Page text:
HUD Let Nearly $2 Billion Go To People Barred From Getting Federally Protected Loans
The Department of Housing and Urban Development (HUD) let nearly $2 billion in federally insured loans go to nearly 10,000 borrowers who were barred from such funds, a government watchdog reported Monday.
The loans were distributed in 2016 to 9,507 borrowers who were either delinquent on federal debt or hadn’t paid their child support, according to HUD’s inspector general (IG). The IG reviewed 60 of the nearly 14,000 loans Federal Housing Administration (FHA) closed in 2016 and found more than three-quarters were given to barred borrowers.
“FHA faced a higher risk due to an increased likelihood of default on the ineligible loans,” the report said. The borrowers had a delinquency rate “twice as high as those of the general population.” (RELATED: At Least A Quarter Of Every Tax Dollar For HUD Grants May Be Wasted)
The agency’s guidance prohibits lenders from giving out FHA-insured loans to borrowers with delinquent federal debt, according to the IG report.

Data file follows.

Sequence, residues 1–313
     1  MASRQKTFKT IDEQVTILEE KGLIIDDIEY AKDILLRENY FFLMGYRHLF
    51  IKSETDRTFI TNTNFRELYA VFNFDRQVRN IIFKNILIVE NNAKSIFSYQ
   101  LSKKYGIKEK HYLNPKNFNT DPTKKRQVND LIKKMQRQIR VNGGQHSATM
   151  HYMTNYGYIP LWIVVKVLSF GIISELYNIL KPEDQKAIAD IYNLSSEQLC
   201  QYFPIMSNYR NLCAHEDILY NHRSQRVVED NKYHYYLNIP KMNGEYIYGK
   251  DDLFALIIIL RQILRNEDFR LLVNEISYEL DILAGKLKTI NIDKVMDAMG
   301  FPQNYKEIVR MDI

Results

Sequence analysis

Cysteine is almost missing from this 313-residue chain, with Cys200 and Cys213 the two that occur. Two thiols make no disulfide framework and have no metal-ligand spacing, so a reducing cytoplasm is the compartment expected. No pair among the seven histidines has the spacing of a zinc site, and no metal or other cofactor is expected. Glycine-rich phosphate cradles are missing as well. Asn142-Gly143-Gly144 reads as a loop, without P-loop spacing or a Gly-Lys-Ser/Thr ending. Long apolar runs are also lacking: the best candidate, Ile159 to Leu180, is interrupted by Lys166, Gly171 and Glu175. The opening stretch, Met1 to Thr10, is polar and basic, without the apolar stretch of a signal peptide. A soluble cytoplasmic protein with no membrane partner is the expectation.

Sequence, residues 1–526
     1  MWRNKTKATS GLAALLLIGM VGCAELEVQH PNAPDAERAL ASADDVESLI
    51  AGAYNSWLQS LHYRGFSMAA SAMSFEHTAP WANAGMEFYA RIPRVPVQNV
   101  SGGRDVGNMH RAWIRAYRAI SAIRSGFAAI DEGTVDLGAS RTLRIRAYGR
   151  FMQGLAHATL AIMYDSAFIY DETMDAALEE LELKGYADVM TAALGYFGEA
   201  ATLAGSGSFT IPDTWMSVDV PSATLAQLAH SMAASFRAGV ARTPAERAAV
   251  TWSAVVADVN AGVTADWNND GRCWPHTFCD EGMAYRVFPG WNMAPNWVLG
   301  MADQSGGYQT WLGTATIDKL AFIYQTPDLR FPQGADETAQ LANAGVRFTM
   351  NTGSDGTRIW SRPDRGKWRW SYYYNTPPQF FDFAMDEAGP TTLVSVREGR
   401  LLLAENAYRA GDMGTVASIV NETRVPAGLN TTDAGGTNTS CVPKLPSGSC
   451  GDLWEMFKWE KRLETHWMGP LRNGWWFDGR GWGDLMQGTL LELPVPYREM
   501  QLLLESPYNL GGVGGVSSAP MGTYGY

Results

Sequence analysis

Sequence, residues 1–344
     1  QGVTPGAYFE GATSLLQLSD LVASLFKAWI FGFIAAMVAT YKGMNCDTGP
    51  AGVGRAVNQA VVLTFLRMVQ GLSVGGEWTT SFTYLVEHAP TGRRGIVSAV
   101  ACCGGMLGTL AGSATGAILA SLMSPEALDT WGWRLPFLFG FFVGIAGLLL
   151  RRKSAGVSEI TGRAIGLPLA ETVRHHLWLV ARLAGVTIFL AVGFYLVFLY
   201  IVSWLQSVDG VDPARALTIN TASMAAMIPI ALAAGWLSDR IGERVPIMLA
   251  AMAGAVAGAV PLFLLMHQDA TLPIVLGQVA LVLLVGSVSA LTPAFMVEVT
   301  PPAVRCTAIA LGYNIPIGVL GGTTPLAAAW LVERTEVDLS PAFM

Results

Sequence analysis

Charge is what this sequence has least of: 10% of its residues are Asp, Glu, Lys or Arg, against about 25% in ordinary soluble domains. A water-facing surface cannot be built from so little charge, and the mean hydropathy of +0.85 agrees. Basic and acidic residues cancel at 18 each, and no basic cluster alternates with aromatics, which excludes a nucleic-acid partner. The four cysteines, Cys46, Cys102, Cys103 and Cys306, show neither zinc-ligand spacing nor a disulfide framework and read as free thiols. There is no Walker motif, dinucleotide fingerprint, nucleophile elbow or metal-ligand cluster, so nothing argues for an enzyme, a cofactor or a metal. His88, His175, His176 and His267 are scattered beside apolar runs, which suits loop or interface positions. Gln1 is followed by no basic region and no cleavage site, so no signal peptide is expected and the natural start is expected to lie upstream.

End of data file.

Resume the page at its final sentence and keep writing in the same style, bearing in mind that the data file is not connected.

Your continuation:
The sources lenders used “to identify ineligible borrowers lacked sufficient current information, and FHA did not adequately guide lenders on reviewing child support,” the report said.
HUD requires lenders to check borrowers against an agency database of federal debtors, but the IG found it “was not an adequate source of information on delinquent federal debt,” the report continued.
Meanwhile, the Department of Treasury houses a “Do Not Pay Business Center” used to identify potentially ineligible borrowers, which other agencies can use at no cost. The IG used the center to identify the delinquent borrowers in its report.
“The Do Not Pay databases used for our testing included information on the delinquent federal debt that was missing from” HUD’s database, the report said.
HUD also required lenders to check borrowers’ credit reports.
“Credit reports also were not an adequate source of information on federal debt and delinquent child support,” the report continued.
Debts owed to the Small Business Administration and to the Department of Justice didn’t appear in credit reports, and student loans were only sometimes included, the IG found. The reports did not indicate whether the student loans listed were private or public.
“All of this information was included in the Do Not Pay databases for the loans tested,” the report said.
The IG recommended FHA include the Do Not Pay database during the underwriting process.
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